"And since when do I take orders from you, Nate?" Andrew asked, it was a rhetorical question and Nathan pursed his lips trying to keep from punching his brother. Though Nathan was strong and fast, he had no chance against his football playing weight lifting older brother. Instead, he leaned back against the railing on the porch and surveyed Andrew casually. In sixteen years of dealing with Andrew Carlisle, Nathan had learned that if he looked like he let Andrew's little tactics rile him at all, it would only make him worse. "What," Andrew said defensively, as if he had expected Nathan to try and pick a fight with him, "you just gonna stand there all day?" He asked. Nathan only shrugged.
"If I have to." He said, keeping an even temper as best he could. Unlike his brother, who was very much his father's son, Nathan had never had much of a problem with his temper getting out of hand. Being the son of Hawthorne's mayor, Nathan got a lot of flack from his father because he wasn't…well he wasn't like his brother. Where Andrew and the boys' father, Sean, thought that being popular, well known, good with girls, and the star of the football team were the most important things in life, Nathan had different ideas. He was a writer; he loved to observe people, nature, anything really. He didn't care about girls all that much, or sports, or popularity. He only wanted to get out of Hawthorne; it was only this that kept him from giving in to the desire to strangle Andrew when he acted like he was just then…which was generally all the time.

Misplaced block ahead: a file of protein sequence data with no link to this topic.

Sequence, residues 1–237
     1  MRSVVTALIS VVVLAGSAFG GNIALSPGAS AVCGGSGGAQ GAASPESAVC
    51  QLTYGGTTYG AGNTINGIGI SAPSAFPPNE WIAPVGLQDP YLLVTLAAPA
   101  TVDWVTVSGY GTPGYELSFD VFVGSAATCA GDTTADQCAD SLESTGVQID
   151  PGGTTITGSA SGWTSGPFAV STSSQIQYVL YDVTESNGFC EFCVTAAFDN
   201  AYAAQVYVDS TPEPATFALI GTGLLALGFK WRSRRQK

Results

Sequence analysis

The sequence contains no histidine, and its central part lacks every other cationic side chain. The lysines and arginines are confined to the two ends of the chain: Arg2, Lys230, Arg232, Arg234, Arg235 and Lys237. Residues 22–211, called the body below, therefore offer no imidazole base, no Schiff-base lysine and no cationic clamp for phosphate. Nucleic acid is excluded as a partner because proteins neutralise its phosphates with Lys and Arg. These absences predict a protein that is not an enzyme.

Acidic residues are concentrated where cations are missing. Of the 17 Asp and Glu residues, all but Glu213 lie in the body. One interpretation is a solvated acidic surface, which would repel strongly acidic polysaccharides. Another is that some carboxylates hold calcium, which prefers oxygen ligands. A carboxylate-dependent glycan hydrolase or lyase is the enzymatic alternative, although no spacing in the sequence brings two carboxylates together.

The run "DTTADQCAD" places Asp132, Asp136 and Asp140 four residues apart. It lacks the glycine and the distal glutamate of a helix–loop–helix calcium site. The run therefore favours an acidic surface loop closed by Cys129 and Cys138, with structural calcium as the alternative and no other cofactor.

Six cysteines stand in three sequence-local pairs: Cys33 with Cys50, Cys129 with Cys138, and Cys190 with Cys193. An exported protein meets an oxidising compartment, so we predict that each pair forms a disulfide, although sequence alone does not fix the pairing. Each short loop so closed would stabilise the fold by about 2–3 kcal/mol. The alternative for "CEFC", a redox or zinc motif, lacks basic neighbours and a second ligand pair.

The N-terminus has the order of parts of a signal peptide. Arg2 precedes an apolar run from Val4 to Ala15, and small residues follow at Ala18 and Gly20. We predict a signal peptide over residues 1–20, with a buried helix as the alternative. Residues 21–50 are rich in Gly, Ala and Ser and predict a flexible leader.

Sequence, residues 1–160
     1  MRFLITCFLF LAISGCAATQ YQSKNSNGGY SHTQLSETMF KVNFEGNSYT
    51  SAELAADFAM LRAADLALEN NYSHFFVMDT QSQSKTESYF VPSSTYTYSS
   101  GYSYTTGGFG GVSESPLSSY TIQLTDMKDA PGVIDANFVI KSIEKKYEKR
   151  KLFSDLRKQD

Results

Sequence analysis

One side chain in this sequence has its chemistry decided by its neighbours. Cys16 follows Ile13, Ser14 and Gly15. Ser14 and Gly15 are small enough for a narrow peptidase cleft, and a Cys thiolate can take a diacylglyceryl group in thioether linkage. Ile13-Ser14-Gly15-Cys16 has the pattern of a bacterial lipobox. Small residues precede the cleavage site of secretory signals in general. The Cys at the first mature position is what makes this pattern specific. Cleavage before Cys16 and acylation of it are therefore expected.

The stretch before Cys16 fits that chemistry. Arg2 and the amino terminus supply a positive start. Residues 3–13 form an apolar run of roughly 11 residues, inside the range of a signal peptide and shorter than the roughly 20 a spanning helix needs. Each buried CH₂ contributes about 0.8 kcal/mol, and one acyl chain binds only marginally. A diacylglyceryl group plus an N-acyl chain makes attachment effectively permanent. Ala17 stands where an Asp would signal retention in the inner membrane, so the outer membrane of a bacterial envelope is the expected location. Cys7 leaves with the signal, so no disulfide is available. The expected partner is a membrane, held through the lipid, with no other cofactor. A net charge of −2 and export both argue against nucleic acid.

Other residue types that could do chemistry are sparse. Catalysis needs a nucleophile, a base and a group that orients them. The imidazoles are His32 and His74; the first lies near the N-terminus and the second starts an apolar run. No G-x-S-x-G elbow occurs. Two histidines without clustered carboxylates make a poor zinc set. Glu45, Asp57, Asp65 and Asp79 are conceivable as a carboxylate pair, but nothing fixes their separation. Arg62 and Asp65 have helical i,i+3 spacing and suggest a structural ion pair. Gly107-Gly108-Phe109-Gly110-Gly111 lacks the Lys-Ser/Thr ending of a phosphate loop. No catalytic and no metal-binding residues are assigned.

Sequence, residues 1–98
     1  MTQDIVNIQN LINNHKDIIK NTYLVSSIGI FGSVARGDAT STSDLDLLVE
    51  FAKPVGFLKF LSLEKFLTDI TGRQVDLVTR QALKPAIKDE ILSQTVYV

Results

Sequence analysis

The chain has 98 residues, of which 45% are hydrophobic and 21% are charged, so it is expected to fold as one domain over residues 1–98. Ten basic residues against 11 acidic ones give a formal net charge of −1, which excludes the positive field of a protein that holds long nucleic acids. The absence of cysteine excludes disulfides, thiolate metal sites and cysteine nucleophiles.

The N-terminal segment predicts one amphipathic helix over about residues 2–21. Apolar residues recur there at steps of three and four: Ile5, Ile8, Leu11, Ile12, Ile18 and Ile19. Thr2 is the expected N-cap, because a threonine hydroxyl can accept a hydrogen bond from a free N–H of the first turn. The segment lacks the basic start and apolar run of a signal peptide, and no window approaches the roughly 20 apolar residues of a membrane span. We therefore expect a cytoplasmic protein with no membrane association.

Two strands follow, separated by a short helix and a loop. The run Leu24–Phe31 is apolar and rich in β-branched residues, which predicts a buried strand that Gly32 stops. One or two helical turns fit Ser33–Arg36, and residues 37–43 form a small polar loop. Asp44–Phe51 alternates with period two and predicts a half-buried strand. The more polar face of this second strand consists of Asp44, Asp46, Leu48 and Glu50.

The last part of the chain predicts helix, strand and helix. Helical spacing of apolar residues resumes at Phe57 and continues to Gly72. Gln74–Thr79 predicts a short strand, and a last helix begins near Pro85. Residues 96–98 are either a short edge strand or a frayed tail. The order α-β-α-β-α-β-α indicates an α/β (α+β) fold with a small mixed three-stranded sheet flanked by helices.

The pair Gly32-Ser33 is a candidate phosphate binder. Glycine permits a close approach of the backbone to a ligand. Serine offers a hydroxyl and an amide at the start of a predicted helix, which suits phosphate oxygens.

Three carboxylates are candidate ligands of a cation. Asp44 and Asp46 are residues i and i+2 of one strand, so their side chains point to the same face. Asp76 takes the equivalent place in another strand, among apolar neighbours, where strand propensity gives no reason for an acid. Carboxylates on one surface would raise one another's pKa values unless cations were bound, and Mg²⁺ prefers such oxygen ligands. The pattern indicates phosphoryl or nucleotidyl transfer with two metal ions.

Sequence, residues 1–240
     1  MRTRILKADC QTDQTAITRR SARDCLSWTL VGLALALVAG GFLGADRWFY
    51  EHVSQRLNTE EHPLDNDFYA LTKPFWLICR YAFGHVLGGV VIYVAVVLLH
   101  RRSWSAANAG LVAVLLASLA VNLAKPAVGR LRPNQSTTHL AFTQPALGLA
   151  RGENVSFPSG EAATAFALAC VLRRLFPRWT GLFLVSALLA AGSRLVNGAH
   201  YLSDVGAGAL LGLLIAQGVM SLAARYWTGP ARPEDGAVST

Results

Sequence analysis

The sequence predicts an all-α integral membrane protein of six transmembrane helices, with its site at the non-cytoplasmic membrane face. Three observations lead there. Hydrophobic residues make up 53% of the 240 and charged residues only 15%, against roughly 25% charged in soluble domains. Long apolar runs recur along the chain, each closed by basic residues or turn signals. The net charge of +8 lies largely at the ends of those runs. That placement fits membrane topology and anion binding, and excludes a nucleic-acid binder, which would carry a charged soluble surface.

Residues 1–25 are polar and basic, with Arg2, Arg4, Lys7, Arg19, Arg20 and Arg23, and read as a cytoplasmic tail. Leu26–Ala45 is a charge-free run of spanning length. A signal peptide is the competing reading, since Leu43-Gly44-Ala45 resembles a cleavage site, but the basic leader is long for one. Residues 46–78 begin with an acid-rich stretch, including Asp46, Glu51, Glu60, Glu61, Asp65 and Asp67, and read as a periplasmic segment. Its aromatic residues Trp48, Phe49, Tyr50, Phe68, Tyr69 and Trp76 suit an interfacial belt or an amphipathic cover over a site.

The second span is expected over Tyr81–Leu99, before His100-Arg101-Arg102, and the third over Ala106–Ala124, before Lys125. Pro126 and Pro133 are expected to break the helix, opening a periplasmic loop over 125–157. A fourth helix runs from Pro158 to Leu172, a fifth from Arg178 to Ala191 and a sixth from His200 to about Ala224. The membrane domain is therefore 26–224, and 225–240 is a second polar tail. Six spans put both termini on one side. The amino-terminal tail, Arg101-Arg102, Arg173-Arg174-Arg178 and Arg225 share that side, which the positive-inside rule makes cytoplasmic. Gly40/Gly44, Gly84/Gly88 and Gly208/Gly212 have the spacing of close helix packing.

Obviously bored with trying to get under Nathan's skin for the moment, Andrew gave a somewhat confused look and then threw the keys forcibly at his brother's chest. When they hit his chest with a loud thump, Nathan realized why his brother was the star quarterback of James Hawthorne High School's football team and gave a slight "Ouch." Causing a haughty smile to creep across Andrew's face as he turned and walked into the house, obviously proud of knowing that he'd at least gotten to Nathan a little bit.
Sighing and shaking his head, Nathan walked off the porch with his keys in his hand and slid quickly into his car. Starting the engine, he pulled out of his driveway and into the quiet street. As he drove, he wondered how, when some of his friends were so close with their brothers, his treated him like scum. It was a fact that had perplexed him for years. Sure, he and Andrew were different, that was a given but, being a year older than Nathan, Andrew was supposed to be someone Nathan could look up to. Instead, when Nathan saw his brother, he saw a prejudiced, arrogant, self-centered person who even looked down on his little brother just because Nathan was "smart." It was true that Andrew was definitely in no way intelligent when it came to school but, in Nathan's mind, that gave him no reason to look down on Nathan because he was. Sighing, he shook his head and tried to force all thoughts of Andrew to the back of his mind.